Gov. Charlie Crist came to South Florida yesterday to tout his plan to take a $1.1 billion loan from the Seminole tribe, a move that officially sells the state's future to the fine folks who use slot machines to take your grandmother's Social Security checks.
The plan initially sounded confusing to me, but then I remembered the sign at the payday loan store, and I'm guessing that's exactly where Crist got the idea. Some similarities:
Crist's plan: The state will repay the Seminoles with the portion of casino revenues that the Seminoles pay the state. If casino revenues decline, the state will take other remedies, like, I'm guessing here, installing Seminole slot machines in our schools.
Payday loan plan: The loan comes based on the idea that I may still have a job next week. If I don't, the payday loan store comes and takes all of my stuff again.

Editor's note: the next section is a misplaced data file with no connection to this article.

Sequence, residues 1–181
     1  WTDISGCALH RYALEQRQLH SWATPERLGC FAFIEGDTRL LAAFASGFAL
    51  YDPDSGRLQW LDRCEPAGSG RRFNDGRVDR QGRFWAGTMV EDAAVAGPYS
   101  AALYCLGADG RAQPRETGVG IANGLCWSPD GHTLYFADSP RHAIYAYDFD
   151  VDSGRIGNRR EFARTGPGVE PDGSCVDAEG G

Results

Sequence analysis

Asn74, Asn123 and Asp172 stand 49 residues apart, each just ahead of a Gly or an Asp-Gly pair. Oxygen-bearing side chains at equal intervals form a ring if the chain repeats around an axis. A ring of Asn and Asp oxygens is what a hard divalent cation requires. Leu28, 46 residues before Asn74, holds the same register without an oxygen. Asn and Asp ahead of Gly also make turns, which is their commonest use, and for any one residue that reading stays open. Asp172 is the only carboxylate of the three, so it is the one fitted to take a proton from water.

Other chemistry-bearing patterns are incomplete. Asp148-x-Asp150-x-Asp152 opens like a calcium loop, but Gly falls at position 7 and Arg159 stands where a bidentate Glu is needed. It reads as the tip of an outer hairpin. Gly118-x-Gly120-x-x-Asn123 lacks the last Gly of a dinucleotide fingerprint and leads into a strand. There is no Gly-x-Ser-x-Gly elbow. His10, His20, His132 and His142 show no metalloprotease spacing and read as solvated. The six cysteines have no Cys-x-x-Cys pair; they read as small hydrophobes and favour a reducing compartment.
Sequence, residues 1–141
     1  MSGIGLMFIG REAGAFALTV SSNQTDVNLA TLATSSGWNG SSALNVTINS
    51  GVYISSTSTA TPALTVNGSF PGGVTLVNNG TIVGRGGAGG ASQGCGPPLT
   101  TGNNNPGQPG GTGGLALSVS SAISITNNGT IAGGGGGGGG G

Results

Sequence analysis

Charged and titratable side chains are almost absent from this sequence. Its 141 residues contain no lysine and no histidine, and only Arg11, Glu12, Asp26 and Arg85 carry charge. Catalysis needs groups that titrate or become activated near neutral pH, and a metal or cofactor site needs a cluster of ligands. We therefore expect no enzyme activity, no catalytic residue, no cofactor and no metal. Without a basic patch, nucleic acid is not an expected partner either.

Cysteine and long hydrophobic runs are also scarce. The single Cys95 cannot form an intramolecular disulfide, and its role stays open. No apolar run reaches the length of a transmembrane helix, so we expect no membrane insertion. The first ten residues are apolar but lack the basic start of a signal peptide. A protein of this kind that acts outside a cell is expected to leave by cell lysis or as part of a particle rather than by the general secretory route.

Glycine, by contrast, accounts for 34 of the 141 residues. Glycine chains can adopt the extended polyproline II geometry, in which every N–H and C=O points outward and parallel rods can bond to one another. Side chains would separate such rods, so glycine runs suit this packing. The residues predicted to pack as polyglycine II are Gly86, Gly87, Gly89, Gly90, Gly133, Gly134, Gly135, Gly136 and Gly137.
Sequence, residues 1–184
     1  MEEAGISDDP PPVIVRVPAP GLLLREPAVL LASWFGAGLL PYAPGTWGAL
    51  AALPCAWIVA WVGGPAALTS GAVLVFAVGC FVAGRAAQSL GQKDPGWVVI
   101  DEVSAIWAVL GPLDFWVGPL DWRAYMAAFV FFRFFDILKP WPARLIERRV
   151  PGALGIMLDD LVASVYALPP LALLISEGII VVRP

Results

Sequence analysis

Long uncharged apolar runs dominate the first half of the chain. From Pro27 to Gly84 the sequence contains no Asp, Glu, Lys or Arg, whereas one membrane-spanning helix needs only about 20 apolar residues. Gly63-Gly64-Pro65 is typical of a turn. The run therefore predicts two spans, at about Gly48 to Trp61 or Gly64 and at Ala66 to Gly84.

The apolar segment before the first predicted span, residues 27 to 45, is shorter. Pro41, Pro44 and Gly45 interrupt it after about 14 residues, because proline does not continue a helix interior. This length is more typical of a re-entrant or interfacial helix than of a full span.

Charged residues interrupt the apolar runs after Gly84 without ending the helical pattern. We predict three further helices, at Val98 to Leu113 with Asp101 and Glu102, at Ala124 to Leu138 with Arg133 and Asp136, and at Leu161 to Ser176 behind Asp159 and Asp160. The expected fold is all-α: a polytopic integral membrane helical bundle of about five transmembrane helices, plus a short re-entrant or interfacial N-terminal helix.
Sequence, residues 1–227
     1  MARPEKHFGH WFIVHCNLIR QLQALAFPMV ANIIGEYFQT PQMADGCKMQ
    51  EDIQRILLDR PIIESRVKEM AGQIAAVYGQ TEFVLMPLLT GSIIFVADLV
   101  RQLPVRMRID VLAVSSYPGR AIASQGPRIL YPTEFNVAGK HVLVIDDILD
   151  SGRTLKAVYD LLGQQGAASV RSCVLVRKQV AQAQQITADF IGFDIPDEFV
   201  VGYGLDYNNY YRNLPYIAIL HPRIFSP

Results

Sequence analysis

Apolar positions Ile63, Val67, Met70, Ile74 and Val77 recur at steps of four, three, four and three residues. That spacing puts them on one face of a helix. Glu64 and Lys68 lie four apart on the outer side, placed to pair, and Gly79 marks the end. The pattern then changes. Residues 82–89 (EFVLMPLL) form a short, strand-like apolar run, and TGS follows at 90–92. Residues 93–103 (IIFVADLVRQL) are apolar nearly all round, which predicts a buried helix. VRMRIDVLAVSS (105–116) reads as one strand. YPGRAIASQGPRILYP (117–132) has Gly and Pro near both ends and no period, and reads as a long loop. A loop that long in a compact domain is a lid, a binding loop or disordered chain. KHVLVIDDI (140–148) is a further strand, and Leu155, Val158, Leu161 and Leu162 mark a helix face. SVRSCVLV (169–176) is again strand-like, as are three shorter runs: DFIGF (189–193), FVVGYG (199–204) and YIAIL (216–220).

Crist's plan: In exchange for the loan, the Seminoles get to run blackjack tables, meaning that taxpayers will help repay the loan themselves every time the dealer gets 21.
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Payday loan plan: In exchange for cashing my paycheck early, the payday loan store gets to call me every day and remind me about how my loan is almost due.
Crist's plan: The state constitution forbids lawmakers from taking out a loan to pay operating costs, so Crist would need to hide the money elsewhere in the budget.
Payday loan plan: The wife forbids taking out a payday loan to play slot machines, ignoring that this could be the time that I don't come back from the Seminole casino broke.
So in the end, it's clear Crist hasn't figured out the last step in his plan. But I'm sure he'll figure out that the best chance of repaying the Seminole's loan is to go double down at the casino.